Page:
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Dems Demand Halt to Kavanaugh Hearing Amid New Accusation; Lindsey Graham: "Not Going to Ruin Kavanaugh Over Ford's Accusation; Trump to Hold Second Summit with Kim; GOP Allies Urge Trump not to Fire Rosenstein Ahead of Midterms; Bill Cosby Sentencing Begins as He Faces Up to 30 Years for Assault. Aired 9-9:30a ET

Aired September 24, 2018 - 09:00   ET


[09:00:03] POPPY HARLOW, CNN ANCHOR: All right. Top of the hour. Good morning, everyone. I'm Poppy Harlow in New York.


Just moments ago President Trump addressed the latest upheaval in the already turbulent Supreme Court nomination of Judge Brett Kavanaugh, a second allegation now of sexual misconduct. The president spoke on the sidelines of the U.N. General Assembly session underway this way in New York.

Have a listen.


DONALD TRUMP, PRESIDENT OF THE UNITED STATES: He is a fine man with an unblemished past and these are highly unsubstantiated statements from people represented by lawyers. We should look into the lawyers doing the representation. Judge Kavanaugh is an outstanding person and I am with him all the way. We'll see how it goes with the Senate. We'll see how it goes with the vote.

I think it could be -- there's a chance that this could be one of the single most unfair, unjust things to happen to a candidate for anything but I am with Judge Kavanaugh and I look forward to a vote. And for people to come out of the woodwork from 36 years ago and 30 years ago and never mention it, all of a sudden it happens, in my opinion, it's totally political. It was political.


SCIUTTO: The president there calling those allegations totally political.

Let's get right to CNN's Abby Philip at U.N. headquarters.

Abby, for days the president had held his tongue. We saw that change the end of last week. And with developments over the weekend now, the president here clearly doubling down on his Supreme Court nominee.

ABBY PHILLIP, CNN WHITE HOUSE CORRESPONDENT: Absolutely, Jim and Poppy. It seems that the president is now fully going at this issue in the way that he would like to. Over the weekend, he was briefed on some of these new allegations regarding Brett Kavanaugh, according to his aides, but they also say that the president is still standing by his nominee, that he has no plans to withdraw Kavanaugh's allegation.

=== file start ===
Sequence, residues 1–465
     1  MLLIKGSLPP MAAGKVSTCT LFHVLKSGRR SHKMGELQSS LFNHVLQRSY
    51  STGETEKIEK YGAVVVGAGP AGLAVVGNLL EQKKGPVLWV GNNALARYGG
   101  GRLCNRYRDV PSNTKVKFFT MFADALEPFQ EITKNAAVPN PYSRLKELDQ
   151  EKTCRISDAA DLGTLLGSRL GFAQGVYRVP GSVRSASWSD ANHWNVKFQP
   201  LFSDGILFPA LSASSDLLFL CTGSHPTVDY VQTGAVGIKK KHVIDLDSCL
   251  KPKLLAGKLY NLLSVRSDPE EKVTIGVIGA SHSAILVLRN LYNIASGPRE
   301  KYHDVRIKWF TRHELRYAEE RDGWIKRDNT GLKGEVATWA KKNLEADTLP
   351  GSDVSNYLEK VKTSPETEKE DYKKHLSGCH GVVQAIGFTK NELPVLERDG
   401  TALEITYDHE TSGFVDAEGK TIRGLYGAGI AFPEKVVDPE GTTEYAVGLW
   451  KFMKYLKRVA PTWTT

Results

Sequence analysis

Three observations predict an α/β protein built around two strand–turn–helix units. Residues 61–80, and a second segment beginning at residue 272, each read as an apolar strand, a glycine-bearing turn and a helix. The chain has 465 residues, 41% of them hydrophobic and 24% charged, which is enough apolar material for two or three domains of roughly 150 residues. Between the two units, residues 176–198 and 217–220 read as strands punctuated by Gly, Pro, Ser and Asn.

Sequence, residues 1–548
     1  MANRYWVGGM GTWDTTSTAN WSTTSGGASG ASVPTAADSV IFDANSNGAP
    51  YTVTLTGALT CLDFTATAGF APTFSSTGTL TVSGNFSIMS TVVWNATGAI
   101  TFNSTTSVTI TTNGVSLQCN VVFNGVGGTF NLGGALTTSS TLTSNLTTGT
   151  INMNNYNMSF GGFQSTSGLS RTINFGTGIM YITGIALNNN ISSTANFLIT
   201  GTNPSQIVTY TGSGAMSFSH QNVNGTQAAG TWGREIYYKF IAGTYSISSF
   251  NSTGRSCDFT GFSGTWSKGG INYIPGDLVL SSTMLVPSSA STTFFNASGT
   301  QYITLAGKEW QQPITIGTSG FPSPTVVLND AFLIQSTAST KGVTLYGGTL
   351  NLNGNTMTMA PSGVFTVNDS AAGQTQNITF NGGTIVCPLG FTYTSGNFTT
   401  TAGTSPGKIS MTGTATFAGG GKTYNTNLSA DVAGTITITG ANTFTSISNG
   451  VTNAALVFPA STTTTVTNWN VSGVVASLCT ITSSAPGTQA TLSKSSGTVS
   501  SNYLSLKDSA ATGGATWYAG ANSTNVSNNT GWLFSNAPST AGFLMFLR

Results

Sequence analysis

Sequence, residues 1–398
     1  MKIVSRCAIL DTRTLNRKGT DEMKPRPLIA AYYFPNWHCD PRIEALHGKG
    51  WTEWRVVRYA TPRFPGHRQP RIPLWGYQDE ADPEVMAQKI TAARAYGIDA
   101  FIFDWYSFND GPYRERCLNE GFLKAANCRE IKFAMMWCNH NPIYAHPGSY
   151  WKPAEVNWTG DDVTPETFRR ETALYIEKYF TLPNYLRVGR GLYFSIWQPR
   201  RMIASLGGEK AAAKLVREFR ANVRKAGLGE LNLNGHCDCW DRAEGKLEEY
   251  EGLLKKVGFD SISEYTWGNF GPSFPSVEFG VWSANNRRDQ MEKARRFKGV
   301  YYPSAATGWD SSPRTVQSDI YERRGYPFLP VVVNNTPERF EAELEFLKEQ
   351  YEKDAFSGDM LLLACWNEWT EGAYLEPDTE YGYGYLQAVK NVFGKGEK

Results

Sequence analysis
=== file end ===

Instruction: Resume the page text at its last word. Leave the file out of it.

And, as you pointed out, on Friday the president sent out a series of tweets, criticizing Kavanaugh's first accuser Christine Blasey-Ford, suggesting that she should have gone to the FBI earlier to deal with some of these allegations 36 years ago. Those tweets prompted Mitch McConnell, the Senate majority leader, to call the president and warn him, they are not helpful in this effort to confirm Kavanaugh.

But clearly the president is leaning in on his nominee. He has long been a skeptic of these Me Too allegations that have, frankly, embroiled him and many people around him. And what you're hearing there in that clip is the president expressing some of that skepticism.

Now earlier this morning, the second allegation that emerged last night in that "New Yorker" piece, Ronan Farrow, one of the two authors in that piece, explained some of key details, some questions about whether or not this woman's new allegations were corroborated by anyone that she knew at that time or who might have been present at the party. And here is what he had to say about that.


RONAN FARROW, THE NEW YORKER: There is a strong evidentiary basis. Her claim is corroborated, as you said, to an extent that is not always possible by people who did not know her, have not interacted with her and yet independently recounted the same fact pattern. Some of those people are on the record in this story so I point you to the piece.

The other reason is I think the same reason that she decided to speak, John, which is this is a story that is out there on the Hill. It is being investigated. It is a matter of news, whether she tells her own version of this story or not.


PHILLIP: And, Jim and Poppy, we are already starting to hear from White House aides, questioning whether there are people corroborating this story. So I think what Ronan had to say there is pretty important. You're going to hear from the White House this week that there are not enough people who corroborate that this event happened. They're calling into question this entire series of accusations against Kavanaugh.

Yesterday, we saw Kavanaugh put out a statement, calling this a smear campaign against him. So clearly here the White House is trying to change the thrust of the story, making it less about the accusations and more about what they consider to be a coordinated campaign to bring down their nominee. By Thursday, we will have a hearing, including Ford where she testifies before the Senate Judiciary Committee. So clearly this issue not going away at all -- Poppy and Jim.